A Cinema 16 program was typically a mixed bag. It might include a nature film, a silent narrative film, an account of a scientific study, a political propaganda film, an animated short or an avant-garde visual experiment. The films, Mr. Vogel said, “were always selected from the point of view of how they would collide with each other in the minds of the audience.”
He liked to confront taboos, giving film lovers the opportunity to see things that would be shown nowhere else. One was “The Eternal Jew,” a repellent Nazi propaganda film that argued for the Final Solution. “Even when the message of a film is evil, when it represents the ideology of a particular political group — in fact, one that was strong enough to not only take over a country but then started a world war — it was important to show it,” he said. Amos Vogelbaum was born in Vienna on April 18, 1921. His mother, Mathilde, was a teacher, and his father, Samuel, a lawyer. His father helped kindle young Amos’s interest in movies when he brought home a 9.5-millimeter camera. Young Amos became a Vienna film society member and years later fondly recalled seeing “Night Mail,” a 1936 documentary about a British mail train, and “Alexander’s Ragtime Band,” a 1938 film set in the Jazz Age.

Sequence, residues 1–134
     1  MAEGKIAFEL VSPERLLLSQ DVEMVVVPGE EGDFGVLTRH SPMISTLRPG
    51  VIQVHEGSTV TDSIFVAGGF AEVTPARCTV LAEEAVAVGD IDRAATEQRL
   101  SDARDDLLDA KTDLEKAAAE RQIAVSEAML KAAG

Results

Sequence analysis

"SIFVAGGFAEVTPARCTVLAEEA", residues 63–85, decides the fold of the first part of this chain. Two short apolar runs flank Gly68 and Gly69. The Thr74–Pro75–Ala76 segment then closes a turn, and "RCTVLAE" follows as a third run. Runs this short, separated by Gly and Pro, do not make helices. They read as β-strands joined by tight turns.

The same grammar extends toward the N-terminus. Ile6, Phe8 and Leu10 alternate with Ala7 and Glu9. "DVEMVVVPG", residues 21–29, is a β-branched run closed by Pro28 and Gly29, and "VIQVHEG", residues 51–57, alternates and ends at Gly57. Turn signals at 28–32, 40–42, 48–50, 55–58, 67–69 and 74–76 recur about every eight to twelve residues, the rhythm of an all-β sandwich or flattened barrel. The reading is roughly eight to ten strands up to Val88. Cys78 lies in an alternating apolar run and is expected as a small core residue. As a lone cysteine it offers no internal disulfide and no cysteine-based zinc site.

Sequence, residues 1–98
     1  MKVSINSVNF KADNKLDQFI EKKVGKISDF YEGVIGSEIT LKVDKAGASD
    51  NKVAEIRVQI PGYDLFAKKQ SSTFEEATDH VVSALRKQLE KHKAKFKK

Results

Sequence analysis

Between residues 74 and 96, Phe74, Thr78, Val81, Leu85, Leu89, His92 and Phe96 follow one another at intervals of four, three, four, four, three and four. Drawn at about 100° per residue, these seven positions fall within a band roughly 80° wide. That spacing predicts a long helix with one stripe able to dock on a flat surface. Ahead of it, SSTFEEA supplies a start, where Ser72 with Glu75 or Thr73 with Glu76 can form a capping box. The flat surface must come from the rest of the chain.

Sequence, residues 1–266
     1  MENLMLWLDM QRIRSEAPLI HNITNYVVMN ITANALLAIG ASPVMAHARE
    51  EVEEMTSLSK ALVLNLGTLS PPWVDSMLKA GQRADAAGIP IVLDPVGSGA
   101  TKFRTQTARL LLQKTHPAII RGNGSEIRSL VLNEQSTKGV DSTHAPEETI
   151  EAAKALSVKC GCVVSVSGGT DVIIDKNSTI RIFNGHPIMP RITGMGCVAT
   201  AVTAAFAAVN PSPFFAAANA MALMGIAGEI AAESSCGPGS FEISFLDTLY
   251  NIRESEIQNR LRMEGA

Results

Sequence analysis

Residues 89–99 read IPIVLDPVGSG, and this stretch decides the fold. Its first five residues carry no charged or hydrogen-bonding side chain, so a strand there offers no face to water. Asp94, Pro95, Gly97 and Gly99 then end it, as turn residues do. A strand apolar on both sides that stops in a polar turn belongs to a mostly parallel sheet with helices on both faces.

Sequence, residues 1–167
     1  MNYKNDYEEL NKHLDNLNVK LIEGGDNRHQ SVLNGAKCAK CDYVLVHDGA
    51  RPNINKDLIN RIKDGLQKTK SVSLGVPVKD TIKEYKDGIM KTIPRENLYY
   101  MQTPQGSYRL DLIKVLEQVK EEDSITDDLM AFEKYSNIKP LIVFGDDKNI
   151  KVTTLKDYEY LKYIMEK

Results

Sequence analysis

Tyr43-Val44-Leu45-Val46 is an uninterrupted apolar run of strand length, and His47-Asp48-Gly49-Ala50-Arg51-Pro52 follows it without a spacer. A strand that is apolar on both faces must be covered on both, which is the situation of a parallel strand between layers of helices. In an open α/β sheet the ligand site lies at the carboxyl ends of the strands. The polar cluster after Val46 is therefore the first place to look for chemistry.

Fleeing the Nazis, his family spent several months in Cuba before coming to the United States. Amos, who was determined to make a life in a Jewish homeland, prepared for living on a kibbutz by studying animal husbandry at the University of Georgia. But by 1941 he had abandoned his belief in Zionism and had settled in New York, where he trained as a diamond cutter in the Manhattan jewelry district.
Cinema 16 grew out of his frustration at being unable to see the experimental films he was reading about. Inspired by Maya Deren, a pioneering experimental filmmaker who had taken the unusual step of presenting her own films at the Provincetown Playhouse in Greenwich Village, Mr. Vogel showed his first program there, as well. It included “Monkey Into Man,” a film by Julian Huxley about evolution, and “Lamentation,” a Martha Graham dance film.
His second program included a silent documentary film called “The Private Life of a Cat,“ produced by Deren and her husband, Alexander Hammid, which was banned as obscene because it explicitly showed the birth of kittens. A later program, heavily advertised, almost put the Vogels out of business when a snowstorm kept the audience away. They then decided to turn the society into a members-only club and sell subscriptions, giving them some financial security and allowing them to evade censorship laws that applied to commercial theaters.